MYTH: YOU SHOULD HAVE A BOWEL MOVEMENT EVERYDAY
What's "normal" varies from person to person. Some people go three times a day; others, three times a week. Although having a bowel movement once a day is common, it's fine to go a few days without one. Constipation means having fewer than three bowel movements per week. You're considered severely constipated if you have less than one movement a week.
MYTH: CONSTIPATION CREATES TOXINS AND HEALTH PROBLEMS
Some people believe that constipation causes the body to absorb poisonous substances in stools. They believe this causes diseases such as colon cancer. But there's no evidence that the stools produce toxins or that colon cleansing, laxatives, or enemas can prevent cancer or other diseases.
MYTH: HOLDING IT WON'T HURT
You may feel too busy at work to have a bowel movement. Or you'd rather wait until you're home. But ignoring the urge when it comes may not only make you physically uncomfortable -- it can cause or aggravate constipation by weakening the signals over time.
MYTH: ALL FIBER IS CREATED EQUAL
Eating foods with fiber helps you feel full and stay regular. Insoluble fiber in particular can help ease constipation because it's indigestible and doesn't dissolve in water. It adds bulk to stool and helps it pass through the intestines faster. Good sources of insoluble fiber are whole-grain breads, pasta, and cereal. Soluble fiber dissolves in water. As part of a diet low in saturated fat and cholesterol, it may lower heart disease risk.
MYTH: COFFEE CAN FIX CONSTIPATION
It's true that the caffeine in coffee can stimulate the muscles in your digestive system to contract, causing a bowel movement. So why isn't it recommended as a fix for constipation? Coffee can actually make stools harder to pass because it is also a diuretic, so it draws liquid out of stools. If you are constipated, avoid coffee and other diuretics such as caffeinated tea and cola.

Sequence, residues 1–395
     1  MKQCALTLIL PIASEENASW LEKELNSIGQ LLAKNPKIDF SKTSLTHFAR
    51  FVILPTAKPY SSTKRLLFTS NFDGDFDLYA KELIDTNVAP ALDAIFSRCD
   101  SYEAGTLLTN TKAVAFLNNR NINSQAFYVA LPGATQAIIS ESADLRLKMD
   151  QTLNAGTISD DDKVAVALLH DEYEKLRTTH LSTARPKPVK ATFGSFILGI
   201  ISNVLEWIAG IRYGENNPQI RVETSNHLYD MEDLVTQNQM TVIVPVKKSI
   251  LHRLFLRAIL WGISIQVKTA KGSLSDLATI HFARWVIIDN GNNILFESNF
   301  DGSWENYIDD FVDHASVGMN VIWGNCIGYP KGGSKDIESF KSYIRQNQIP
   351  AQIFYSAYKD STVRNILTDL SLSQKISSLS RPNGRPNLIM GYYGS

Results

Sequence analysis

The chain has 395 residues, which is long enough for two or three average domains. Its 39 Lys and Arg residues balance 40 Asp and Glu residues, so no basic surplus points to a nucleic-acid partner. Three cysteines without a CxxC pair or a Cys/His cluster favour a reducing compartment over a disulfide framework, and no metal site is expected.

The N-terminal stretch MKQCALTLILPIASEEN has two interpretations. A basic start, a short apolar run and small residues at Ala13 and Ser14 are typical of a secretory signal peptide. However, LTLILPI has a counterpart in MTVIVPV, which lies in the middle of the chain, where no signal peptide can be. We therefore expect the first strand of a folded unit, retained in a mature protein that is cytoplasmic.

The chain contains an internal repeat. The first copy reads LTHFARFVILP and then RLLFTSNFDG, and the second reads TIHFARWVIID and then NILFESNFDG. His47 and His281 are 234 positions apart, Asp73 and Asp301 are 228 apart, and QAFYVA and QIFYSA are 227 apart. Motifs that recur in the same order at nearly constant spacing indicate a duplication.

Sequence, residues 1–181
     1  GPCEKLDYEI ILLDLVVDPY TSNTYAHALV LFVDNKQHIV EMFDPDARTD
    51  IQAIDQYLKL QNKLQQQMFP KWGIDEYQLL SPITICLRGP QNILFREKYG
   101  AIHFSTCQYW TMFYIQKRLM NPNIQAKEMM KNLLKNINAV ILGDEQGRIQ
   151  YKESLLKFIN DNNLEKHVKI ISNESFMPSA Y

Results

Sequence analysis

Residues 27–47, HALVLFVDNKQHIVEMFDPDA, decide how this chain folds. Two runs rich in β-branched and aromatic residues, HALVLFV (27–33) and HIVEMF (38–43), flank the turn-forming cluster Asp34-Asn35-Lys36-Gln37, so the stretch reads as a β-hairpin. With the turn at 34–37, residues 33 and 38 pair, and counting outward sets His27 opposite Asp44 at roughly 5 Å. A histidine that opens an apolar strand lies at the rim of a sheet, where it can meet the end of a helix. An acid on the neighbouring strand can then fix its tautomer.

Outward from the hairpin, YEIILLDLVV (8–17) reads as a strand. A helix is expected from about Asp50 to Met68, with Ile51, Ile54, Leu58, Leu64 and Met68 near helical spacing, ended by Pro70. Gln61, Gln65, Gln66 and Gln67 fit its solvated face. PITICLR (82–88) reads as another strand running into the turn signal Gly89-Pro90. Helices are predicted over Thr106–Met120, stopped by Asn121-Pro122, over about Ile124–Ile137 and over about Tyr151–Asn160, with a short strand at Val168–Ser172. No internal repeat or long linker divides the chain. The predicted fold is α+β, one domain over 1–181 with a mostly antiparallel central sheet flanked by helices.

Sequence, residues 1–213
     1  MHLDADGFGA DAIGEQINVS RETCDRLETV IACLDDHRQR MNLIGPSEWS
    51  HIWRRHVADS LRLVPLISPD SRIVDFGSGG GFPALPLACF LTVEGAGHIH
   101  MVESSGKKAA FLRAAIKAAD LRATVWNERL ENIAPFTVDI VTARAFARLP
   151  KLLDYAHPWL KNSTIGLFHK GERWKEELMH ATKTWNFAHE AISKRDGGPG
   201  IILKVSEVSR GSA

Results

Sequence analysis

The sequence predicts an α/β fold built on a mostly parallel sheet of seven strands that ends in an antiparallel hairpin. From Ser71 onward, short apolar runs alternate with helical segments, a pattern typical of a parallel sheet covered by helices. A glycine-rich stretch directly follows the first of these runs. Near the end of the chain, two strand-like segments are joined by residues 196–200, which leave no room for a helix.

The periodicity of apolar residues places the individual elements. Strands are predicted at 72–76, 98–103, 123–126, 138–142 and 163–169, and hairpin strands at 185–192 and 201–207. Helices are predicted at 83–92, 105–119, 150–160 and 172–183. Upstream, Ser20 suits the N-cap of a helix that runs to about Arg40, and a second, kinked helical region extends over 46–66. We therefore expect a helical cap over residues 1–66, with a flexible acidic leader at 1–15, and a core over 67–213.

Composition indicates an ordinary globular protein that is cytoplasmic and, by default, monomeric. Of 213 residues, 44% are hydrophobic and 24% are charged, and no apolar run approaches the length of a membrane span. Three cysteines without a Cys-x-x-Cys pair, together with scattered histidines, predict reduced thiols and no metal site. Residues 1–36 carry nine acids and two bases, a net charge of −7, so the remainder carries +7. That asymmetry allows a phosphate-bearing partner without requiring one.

MYTH: COLON CLEANSING WILL CLEAR YOU OUT
Enemas and colon irrigation (high colonics) may temporarily remove body waste, but they're not an effective way to prevent or cure constipation. Enemas can actually cause constipation in older people who get them regularly. Colonic irrigation, which is usually done by colonic hygienists or therapists, can damage the colon and can lead to other issues.
MYTH: CASTOR OIL IS A CURE-ALL
Castor oil is a powerful laxative. But like other laxatives, it should not be used long-term. Overusing laxatives can hurt your body's ability to absorb nutrients and some medications. Castor oil can damage the bowel muscles, nerves, and tissue if overused -- all of which can cause constipation. Use it only with a doctor's guidance.
MYTH: IT'S NORMAL TO HAVE BLOODY STOOL
Blood in a bowel movement is not always serious, but you should always call your doctor if it happens. Bright red blood is usually from hemorrhoids or tears in the anal lining called fissures. Constipation and straining during bowel movements can be the cause. Maroon or tarry black blood or clots usually mean bleeding is coming from higher in the gastrointestinal tract. The cause may be more serious.